You’ve been negotiating with the other side and have finally nailed down most of the terms. You want to memorialize those terms in a preliminary agreement or memorandum of understanding, but make everything subject to a final written formal document in case you still can’t agree on the final terms. Is an express reservation that the agreement is not final until formalized and executed sufficient to protect you and your company? The answer may depend upon the jurisdiction whose law applies. At the very least, you may have an obligation to continue to attempt to finalize the agreement in good faith. Therefore, it is important to check applicable law before memorializing a preliminary agreement to avoid unintended obligations.
For illustration, we will use New York case law, as applied by the federal courts, as an example. (Notably, there are distinctions between how New York state courts and federal courts address this issue.) In the 2nd Circuit, there are two types of preliminary agreements under New York law: Type I and Type II. Type I agreements are relatively straightforward because they are “complete, reflecting a meeting of the minds on all the issues” and enforceable “even if a more formal agreement never materializes.” In assessing whether parties have entered into a Type I agreement, courts applying New York law will consider four factors:
- Whether there is expressed reservation of the right not to be bound in the absence of a writing
- Whether there has been partial performance of the contract
- Whether all of the terms of the alleged contract have been agreed upon
- Whether the agreement at issue is the type of contract that is usually committed in writing
By contrast, Type II agreements, which reflect agreement on certain major terms but leave other terms open for negotiation, do not bind parties to the terms unequivocally. Still, courts in the 2nd Circuit have held that Type II agreements still impose a significant duty upon the parties—the duty to negotiate in good faith. Accordingly, parties should understand that once they have entered into a Type II agreement, they cannot simply walk away if they change their minds or find a better deal, nor can they impose new conditions that are not found in the Type II agreement. In assessing whether parties have entered into a Type II agreement, courts applying New York law will consider five factors, the first of which is the most significant:
- Whether the intent to be bound is revealed by the language of the agreement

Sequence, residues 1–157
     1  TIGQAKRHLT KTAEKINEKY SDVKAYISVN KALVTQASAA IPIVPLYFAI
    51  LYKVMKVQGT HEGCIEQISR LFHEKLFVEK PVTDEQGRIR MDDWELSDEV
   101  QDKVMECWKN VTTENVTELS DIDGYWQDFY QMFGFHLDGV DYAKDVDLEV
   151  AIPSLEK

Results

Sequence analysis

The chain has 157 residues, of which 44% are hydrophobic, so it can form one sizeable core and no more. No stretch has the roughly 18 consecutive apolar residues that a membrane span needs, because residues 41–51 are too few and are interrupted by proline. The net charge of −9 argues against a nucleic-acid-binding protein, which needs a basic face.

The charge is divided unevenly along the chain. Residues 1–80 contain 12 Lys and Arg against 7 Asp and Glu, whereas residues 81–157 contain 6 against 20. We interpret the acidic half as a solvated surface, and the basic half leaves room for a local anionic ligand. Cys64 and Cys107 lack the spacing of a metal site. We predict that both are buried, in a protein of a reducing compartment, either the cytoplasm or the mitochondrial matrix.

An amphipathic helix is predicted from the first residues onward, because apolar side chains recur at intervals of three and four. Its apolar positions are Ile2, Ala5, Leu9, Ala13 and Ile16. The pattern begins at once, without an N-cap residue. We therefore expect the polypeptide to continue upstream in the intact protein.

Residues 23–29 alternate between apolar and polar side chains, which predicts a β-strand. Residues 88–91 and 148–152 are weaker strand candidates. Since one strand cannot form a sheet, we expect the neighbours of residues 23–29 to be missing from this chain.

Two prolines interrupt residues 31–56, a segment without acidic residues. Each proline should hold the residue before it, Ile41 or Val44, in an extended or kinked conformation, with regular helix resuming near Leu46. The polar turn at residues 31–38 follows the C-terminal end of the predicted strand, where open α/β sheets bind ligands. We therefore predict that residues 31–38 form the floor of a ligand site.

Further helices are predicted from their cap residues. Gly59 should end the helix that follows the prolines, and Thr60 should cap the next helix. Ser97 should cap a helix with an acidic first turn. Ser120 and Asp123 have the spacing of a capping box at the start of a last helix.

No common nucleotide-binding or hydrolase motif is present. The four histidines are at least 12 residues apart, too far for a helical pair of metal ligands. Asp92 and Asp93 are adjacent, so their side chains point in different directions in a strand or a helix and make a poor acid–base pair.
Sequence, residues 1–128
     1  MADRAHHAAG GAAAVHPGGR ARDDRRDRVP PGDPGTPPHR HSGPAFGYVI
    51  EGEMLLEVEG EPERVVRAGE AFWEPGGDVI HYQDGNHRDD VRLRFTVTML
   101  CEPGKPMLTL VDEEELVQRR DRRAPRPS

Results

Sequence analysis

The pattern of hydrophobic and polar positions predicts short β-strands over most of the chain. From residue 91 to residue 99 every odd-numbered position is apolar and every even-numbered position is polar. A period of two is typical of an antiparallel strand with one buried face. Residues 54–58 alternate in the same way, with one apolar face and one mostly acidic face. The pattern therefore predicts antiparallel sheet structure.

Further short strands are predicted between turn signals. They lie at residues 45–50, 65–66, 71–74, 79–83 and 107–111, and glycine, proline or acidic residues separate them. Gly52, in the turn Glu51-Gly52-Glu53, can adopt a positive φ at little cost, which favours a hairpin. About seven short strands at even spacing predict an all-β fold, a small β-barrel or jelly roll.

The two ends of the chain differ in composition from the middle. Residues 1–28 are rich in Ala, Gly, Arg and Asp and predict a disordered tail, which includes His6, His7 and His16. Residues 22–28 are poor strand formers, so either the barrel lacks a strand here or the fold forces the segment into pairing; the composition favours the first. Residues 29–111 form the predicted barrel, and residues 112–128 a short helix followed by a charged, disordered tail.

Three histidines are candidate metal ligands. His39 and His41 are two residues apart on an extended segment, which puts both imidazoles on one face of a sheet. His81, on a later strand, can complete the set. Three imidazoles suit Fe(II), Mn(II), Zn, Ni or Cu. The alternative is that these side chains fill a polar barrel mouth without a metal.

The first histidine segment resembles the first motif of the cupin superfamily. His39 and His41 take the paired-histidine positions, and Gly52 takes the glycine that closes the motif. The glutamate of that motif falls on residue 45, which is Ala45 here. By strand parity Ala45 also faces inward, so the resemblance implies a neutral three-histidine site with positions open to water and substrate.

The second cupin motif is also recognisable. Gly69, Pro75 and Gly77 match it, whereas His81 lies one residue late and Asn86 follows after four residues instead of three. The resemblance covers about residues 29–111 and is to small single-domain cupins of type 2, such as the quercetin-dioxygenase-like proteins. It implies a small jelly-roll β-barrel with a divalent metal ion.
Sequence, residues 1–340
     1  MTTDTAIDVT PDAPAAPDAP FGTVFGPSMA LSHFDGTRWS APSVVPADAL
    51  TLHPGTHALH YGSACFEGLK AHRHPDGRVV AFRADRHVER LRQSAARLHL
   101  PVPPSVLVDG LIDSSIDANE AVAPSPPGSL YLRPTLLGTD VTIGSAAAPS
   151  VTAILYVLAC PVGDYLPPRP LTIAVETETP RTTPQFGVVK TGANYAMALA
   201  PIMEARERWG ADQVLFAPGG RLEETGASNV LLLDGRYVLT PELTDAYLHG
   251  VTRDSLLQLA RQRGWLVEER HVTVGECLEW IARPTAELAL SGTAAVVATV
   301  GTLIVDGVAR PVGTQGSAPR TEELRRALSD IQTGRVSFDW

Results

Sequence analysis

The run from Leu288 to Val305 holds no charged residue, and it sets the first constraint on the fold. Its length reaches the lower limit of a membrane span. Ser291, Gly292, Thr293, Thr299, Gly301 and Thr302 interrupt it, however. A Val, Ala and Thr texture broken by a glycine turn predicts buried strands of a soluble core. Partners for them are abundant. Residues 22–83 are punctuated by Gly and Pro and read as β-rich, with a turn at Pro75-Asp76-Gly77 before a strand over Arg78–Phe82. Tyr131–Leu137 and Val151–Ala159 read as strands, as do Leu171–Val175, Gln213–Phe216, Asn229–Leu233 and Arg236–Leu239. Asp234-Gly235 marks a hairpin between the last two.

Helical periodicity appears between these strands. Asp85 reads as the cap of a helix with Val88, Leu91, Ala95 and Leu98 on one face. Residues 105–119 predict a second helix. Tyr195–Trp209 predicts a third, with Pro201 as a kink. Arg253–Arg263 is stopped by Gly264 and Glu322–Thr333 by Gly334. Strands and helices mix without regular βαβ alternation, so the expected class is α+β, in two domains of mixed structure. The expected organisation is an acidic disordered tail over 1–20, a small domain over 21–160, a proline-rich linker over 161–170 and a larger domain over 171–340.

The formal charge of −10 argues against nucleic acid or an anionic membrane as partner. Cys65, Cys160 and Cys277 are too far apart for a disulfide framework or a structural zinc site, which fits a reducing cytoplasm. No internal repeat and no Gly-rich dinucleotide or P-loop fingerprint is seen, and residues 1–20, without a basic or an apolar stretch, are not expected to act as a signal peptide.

- The context of the negotiations
- The existence of open terms
- Partial performance
- The necessity of putting the agreement in final form, as indicated by the customary form of such transactions
EQT Infrastructure Ltd. v. Smith, a case out of the Southern District of New York, is instructive and provides a cautionary tale for parties to preliminary agreements. In that case, the parties entered into a preliminary agreement while negotiating the sale of some of the defendants’ businesses to the plaintiff. From the outset, the parties understood that the plaintiff, a foreign entity, could not own or operate the defendants’ marine services business, and thus would not purchase it as part of the possible transaction. Notably, the parties’ agreement did not state that the possible transaction was conditioned on the sale of the marine services business to another buyer. After several months of negotiating under what the court presumed to be a Type II agreement, the parties were close on a purchase price for the businesses when the defendants informed the plaintiff that they could not find any buyers for their marine services business. In order to make the transaction economically viable, the defendants requested a 13 percent increase in the purchase price. The court found the imposition of this new condition—the sale of the marine services business to another party—stated a claim for a breach of the obligation to negotiate in good faith under a Type II agreement.
Beyond the 2nd Circuit, the Type I/Type II distinction follows the modern trend in contract law, and many state courts have noted the pragmatism and commercial necessity of recognizing these types of agreements. Although they have yet to be recognized definitively in all jurisdictions, Type II agreements—and the implied duty to negotiate in good faith that accompanies them—are recognized in the 4th and 7th Circuits (under West Virginia and Illinois law, respectively).
In short, before memorializing a preliminary agreement or memorandum of understanding, in-house counsel should understand how the applicable jurisdiction will treat the draft agreement. If the company wants a continuing good faith obligation to negotiate, the draft summary may meet its interests, but otherwise, it may make sense not to memorialize anything unless and until the company is ready to commit.